Faust: Non-Alignment Pact

Rob Chapman

Mojo, Nov 2000

Review of the Wümme Box Set

They were Krautrock's outsiders. They sounded like a Harley being sawn in half. Perfect, then, for psychotic psylocybin heads, says Rob Chapman - a review of Faust: The Wümme Years 1970-1973 box set.

A 5-CD box set comprising the band's first two Polydor LPs, Faust and So Far, and two further compilations of rarely heard material, BBC Sessions and 71 Minutes, culled from the band's prodigious output from their converted school building studio/commune at Wümme, Germany.

Faust are the refuseniks of Krautrock. Kraftwerk's influence on contemporary electronica is a given. The reactivation of Can's entire back catalogue has introduced them to a whole new geneation. Tangerine Dream have a symbiotic relationship with almost everyone who ever forged an ambient souncscape. Faust were, and arguably still are, the outsiders. "We realised we were doing something different," remembers original bass player and guitarist Jean Hervé-Péron. "We also knew there were other groups riding the same waves. But we didn't bother once to try and contact them."

Like Can at "Inner Space" or Kraftwek at "Kling Klang", Faust lived and worked communally, but their muse was expressed far more fractiously. Can played lock and go with Holger and Jaki's grooves. Kraftwerk listened to their motorik heart-beat. Faust launched from orbit to orbit. Nobody jammed quite like them.

Rock music's original sonic terrorists named themselves Faust because they felt they were selling their creatively to the devil of big business; they booked into major recording studios and fled before anyone discovered they weren't paying. When the first incarnation of Faust was wound up bankrupt in the mid-70's and their studio was put up as collateral, band members went in and asset-stripped it down to the last jack plug. Eat yer heart out, Sex Pistols. When they inflicted their collective mayhem upon the tubular-belled up tranquillity of Virgin's Manor Studio, they terrified the shit out of Richard Branson and his fledgling hip capitalists. This was not music for passive potheads: psychotic psylocibinn heads maybe. Trust me, I've done the litmus test. And as a live act they were, and still are, phenomenal. The gig they played with Henry Cow at Cambridge Corn Exchange in 1973 (complete with pinball machines, TVs and hot-wired heavy plant machinery) remains to this day one of the best half-dozen gigs this writer has ever seen.

On recording their collaging was as vicious as a their stereo planning - not so much cun'n'paste as slash and solder. A scything monolith riff could be cut dead by a medieval church organ of extraordinarily meditative beauty, and vica versa. And next time you read about Hurricane Smith or whoever whingeing about Syd Barrett almost sabotaging the first Floyd album by "playing the faders randomly", just consider that he could have helped them sound like this. Fittingly, some of Faust's lyrics evoke a great lost Barret LP. Meadow Meal in particular, on the eponymous debut album ("crash the sound, you loose your hand, to understand the accident is red"), sounds like a track that begins its voyage where Syd's "Bike" ends. Apart from a certain "Sister Ray" quality here and there, the other obvious kindred spirit is early Zappa, most noticeably on The Faust Tapes and most splendidly on the previously unheard version of Giggy Smile on 71 Minutes, where Ed Marimba also seems to have hopped on for the ride.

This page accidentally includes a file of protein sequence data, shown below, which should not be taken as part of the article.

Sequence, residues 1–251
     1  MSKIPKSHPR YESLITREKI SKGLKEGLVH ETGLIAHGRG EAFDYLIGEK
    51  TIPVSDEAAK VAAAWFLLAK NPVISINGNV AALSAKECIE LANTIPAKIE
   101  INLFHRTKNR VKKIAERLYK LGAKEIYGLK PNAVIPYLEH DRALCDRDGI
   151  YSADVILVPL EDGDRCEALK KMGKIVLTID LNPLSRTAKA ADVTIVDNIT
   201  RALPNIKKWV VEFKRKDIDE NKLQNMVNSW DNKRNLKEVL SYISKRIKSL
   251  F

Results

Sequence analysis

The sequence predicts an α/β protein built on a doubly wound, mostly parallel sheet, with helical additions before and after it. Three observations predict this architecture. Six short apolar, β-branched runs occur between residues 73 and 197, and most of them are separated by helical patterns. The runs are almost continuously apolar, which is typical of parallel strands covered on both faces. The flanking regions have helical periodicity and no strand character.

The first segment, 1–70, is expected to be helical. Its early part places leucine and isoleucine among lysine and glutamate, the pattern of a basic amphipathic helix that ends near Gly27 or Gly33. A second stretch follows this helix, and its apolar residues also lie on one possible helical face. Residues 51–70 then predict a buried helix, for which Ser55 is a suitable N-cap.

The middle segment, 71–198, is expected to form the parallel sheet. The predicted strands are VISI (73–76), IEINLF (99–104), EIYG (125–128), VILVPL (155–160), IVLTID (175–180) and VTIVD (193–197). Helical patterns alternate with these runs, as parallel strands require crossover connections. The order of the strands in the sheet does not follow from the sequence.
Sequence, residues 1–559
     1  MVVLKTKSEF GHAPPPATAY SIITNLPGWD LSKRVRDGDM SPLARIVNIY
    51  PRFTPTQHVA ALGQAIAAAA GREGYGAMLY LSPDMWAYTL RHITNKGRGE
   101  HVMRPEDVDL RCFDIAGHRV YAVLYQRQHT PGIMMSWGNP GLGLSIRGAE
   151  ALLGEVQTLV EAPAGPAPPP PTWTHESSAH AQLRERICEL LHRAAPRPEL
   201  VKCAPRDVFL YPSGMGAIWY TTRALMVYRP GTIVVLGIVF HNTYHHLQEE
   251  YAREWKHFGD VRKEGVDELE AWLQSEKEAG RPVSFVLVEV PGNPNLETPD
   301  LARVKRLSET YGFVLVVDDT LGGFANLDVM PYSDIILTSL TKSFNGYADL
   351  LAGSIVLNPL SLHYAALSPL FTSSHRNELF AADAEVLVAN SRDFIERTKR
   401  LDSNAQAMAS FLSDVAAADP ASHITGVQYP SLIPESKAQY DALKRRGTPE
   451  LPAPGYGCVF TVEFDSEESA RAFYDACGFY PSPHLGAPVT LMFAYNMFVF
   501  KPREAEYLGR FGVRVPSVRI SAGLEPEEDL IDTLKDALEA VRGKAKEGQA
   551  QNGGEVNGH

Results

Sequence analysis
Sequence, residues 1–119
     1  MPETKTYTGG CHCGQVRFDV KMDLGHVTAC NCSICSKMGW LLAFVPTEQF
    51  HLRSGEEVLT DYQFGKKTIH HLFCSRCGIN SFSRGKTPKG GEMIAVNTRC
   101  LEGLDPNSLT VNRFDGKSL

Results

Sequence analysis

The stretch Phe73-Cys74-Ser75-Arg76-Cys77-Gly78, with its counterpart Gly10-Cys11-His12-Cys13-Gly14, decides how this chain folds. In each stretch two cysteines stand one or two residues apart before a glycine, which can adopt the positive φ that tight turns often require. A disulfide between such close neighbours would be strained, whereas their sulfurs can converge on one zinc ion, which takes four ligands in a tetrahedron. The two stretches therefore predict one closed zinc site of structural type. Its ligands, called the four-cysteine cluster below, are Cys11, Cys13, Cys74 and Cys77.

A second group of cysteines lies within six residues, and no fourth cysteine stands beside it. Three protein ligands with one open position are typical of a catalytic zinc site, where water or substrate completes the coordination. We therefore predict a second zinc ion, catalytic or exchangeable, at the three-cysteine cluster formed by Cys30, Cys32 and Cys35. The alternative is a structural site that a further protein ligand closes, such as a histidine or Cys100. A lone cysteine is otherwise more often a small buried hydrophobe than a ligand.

Faustrecorded their second album So Far under instruction to be more commercial. As a result a certain delicate pastoralism seeps in, but there' s little that you could ever call a concession to pop song. The title track vamps on the riff from Creedence Clearwater's "Run Through The Jungle", but by the next track Mamie Is Blue they sound as if they are trying to saw a Harly Davidson in half. Oh to have been a fly on the wall at the record company playback.

If you want to sample the sheer essence of Faust, go into your local Virgin Megastore (hey irony, come on in!), put on the headphones and listen to The Faust Tapes, tracks 7 to 12: an impossibly funky bass line, Hans Joachim Irmler's melancholic keyboard washes, a piercingly trebly guitar drenched in fuzz and wah-wah, descend in delicate layers one minute, splurging like an action painting the next, lush driller-killer noises of unidentifiable origin and various other cloudbusting devices that make the sun come out when you point them at the sky. Six minutes of perfect fragments.

Admirably researched and presented, right down to the information that "the X-ray on BBC Sessions is of Zappi's head", the only discrepancy on The Wümme Years appears to be the inclusion of a Peel session, supposedly boadcast on March 1, 1973. Ken Garner's essential BBC bible "In Session" gives a different tracklisting to the one here and reports that the Beeb studios didn't have enough sockets for their equipment so Faust gave them a tape instead, which was subsequently broadcast on June 6, 1973. If that's so, the version of Krautrock that they provided sounds suspiciously like a rough mix of the version that also appears on Faust IV.

The whole box set is beautifully packaged and the accompanying booklet is a delight. Original members Péron and Irmler, plus band Svengali/producer Uwe Nettelbeck, fellow traveller Peter Blegvad, engineer and equipment builder Kurt Graupner and project overseer Chris Cutler all have their say. Memories contradict and collide. Just like the music. "We didn't perform," says Péron, "we just played and played. We were just making music. Thinking about nothing." Some nothing.

Disclaimer: pointing box set at sky does not necessarily make sun come out.

Rob Chapman, "Faust: Non-Alignment Pact", Mojo 2000